During this blog post series, I am trying to help you assess your church by providing ten questions to evaluate your church’s approach to each of the purposes of the church: worship, evangelism, discipleship, ministry, prayer, and fellowship. In addition, I ask about your church’s biblical foundation and Great Commission commitment. NOTE: I also added a part 2 (worship) for yesterday as well. Today’s questions focus on your church’s evangelism. Are staff and lay leaders expected to evangelize? Are they held accountable? If the church’s leaders don’t do evangelism, the church won’t evangelize, either. Accountability is one step toward putting evangelism in the DNA of the church. Is the growth of the church primarily conversion growth? Transfer growth? Biological growth? Evangelistic churches grow by reaching non-believers more than by “swapping sheep” or increasing their nursery attendance. Strong churches know these numbers, and they genuinely grieve when no one is saved through their ministry. Does the church regularly offer evangelism training? I am continually surprised by how few churches provide evangelism training. Simply telling members to evangelize without teaching them how to connect with non-believers, share their testimony, etc., seldom results in ongoing evangelism.
Evangelistic churches grow by reaching non-believers more than by “swapping sheep” or increasing their nursery attendance.
Are new members and new believers quickly trained and encouraged to share their story? The most potent witnesses for Christ are usually the newly saved who are filled with zeal and still connected with lost people. The longer a church waits to help them evangelize, the more likely it is they will get negatively cocooned in the church. Does the church offer small groups in which unchurched folks would feel comfortable participating? One current trend is toward small groups that are life-on-life, including times for familiar sharing and personal confession. I affirm this goal, but small groups limited to this approach are often uncomfortable for non-believers. Likewise, believers are less likely to invite their unchurched friends to a group with such a level of accountability. What is the church’s ratio of new believers to longer-term believers? If new believers are hard to find, the congregation may not be strongly evangelistic. When they are present, though, they bring new energy to a congregation. When was the last time you heard a conversion testimony at your church? In many churches, believers worship with one another every Sunday without knowing the grace stories of people around them. Churches that emphasize evangelism also emphasize telling their stories personally and publicly.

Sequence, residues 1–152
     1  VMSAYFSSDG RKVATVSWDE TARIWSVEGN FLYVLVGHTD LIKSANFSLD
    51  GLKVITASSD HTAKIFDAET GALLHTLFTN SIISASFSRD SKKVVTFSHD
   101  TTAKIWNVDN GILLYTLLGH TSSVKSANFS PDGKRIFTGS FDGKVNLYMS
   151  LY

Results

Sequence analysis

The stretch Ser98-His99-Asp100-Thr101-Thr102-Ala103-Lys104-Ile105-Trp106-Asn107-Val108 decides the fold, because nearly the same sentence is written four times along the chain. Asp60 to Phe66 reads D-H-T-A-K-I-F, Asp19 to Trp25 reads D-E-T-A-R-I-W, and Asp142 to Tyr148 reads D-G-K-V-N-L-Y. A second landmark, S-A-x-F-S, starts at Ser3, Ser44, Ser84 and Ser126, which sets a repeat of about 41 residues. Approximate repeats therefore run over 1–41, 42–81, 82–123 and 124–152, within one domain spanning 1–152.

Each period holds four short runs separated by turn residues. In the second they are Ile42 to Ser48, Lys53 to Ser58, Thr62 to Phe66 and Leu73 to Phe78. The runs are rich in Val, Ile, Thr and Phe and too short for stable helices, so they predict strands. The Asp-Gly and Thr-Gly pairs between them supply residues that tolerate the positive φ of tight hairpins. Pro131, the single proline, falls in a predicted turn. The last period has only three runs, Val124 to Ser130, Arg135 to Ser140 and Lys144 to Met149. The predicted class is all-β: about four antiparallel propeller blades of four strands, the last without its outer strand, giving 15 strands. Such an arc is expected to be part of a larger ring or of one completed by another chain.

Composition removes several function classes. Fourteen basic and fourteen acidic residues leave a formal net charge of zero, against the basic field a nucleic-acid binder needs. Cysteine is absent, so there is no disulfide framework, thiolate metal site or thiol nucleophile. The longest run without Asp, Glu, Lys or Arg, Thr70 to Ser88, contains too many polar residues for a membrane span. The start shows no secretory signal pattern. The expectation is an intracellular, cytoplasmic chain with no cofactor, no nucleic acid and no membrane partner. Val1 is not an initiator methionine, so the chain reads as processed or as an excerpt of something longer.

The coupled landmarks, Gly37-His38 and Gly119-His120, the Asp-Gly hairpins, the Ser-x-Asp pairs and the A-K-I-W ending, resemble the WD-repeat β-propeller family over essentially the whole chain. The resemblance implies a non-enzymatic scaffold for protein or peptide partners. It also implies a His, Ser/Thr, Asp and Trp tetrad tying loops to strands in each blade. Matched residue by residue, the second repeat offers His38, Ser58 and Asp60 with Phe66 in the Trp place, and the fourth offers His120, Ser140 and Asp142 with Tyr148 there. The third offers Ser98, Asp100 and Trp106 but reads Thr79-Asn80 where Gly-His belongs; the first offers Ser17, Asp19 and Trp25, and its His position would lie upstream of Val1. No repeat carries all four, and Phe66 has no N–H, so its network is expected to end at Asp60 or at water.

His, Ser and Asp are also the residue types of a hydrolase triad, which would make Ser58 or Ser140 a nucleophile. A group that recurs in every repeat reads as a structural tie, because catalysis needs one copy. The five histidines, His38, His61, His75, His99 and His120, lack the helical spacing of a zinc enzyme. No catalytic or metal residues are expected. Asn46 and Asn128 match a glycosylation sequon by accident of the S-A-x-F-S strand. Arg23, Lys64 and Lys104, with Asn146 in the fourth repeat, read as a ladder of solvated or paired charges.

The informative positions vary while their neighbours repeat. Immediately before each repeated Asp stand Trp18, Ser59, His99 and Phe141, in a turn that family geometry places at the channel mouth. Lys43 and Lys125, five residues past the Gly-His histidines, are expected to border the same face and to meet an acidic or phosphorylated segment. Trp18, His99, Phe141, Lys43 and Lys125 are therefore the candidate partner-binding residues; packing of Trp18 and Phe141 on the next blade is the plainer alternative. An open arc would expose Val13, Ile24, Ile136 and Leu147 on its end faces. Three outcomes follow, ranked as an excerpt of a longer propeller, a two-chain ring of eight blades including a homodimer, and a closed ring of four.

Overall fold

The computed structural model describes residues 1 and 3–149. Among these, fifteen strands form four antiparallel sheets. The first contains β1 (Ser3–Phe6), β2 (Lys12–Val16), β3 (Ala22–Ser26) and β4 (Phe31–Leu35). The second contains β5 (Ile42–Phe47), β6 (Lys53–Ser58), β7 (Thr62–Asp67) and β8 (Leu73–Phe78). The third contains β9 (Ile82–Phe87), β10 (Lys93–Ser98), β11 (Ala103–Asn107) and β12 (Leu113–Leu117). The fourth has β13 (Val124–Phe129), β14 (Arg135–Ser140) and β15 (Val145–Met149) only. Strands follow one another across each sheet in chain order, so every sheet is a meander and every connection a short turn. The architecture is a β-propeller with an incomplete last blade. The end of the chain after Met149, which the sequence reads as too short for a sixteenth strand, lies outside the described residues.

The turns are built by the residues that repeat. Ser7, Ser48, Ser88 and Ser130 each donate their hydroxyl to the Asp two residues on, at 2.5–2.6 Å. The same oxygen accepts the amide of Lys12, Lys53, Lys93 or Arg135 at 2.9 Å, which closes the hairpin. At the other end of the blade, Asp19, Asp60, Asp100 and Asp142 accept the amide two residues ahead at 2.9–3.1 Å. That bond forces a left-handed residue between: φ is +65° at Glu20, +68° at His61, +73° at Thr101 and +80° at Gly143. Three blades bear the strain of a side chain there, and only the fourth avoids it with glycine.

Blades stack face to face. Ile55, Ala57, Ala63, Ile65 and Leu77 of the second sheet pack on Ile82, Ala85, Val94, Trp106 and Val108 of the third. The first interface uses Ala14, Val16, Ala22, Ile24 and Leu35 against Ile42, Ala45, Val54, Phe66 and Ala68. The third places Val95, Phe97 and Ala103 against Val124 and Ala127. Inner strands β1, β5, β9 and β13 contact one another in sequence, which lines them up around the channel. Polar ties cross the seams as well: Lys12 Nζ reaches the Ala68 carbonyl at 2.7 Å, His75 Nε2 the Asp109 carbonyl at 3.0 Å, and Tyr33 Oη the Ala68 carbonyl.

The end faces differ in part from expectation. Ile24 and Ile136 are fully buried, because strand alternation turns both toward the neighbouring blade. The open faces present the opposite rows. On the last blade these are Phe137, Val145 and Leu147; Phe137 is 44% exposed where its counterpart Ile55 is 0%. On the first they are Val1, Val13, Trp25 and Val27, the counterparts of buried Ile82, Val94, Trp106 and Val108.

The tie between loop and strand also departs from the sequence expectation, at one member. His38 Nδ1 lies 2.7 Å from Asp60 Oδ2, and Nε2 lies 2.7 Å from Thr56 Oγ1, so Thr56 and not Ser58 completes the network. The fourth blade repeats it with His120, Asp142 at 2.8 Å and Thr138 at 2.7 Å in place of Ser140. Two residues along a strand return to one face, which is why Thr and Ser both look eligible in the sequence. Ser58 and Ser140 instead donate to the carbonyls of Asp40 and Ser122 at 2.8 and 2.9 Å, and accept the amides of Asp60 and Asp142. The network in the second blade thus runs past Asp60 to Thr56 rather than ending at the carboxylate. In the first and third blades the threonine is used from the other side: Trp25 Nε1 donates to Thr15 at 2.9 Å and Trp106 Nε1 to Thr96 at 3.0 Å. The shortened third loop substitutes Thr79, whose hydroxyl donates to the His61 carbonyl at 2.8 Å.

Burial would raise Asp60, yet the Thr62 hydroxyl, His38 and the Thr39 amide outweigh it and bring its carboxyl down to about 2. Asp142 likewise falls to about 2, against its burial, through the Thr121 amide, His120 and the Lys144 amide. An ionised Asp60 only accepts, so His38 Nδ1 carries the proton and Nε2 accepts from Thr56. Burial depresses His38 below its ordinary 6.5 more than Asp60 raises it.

Evangelistic churches pray (often by name) for believers to proclaim and non-believers to believe.
Does your church intentionally pray about evangelism? Paul said his prayer for Israel was that they be saved (Rom. 10:1). At the same time, he asked others to pray he would speak the gospel clearly and boldly as God opened doors (Eph. 6:18-20; Col. 4:2-4). Evangelistic churches pray (often by name) for believers to proclaim and non-believers to believe. Does the church really celebrate the new birth of believers? Baptism that illustrates conversion ought to be a time of joy, even while illustrating the seriousness of a commitment to Christ. Learn to throw parties — literally — to rejoice together while glorifying God. Testimonies from both the new believer and the believer who shared the gospel with the convert only strengthen the celebration. Does the church capitalize on its web presence to share the gospel? The Internet allows us to touch the world with the gospel, but I seldom find a church website that grabs the attention of seeking non-believers and clearly directs them to the plan of salvation. Suppose you were to score each question on a scale of 1-10 (with 1 being “I’m very displeased with where my church is” and 10 being “I’m very pleased with where my church is”), what would your score be? What other questions would you add to this list?
Published November 12, 2015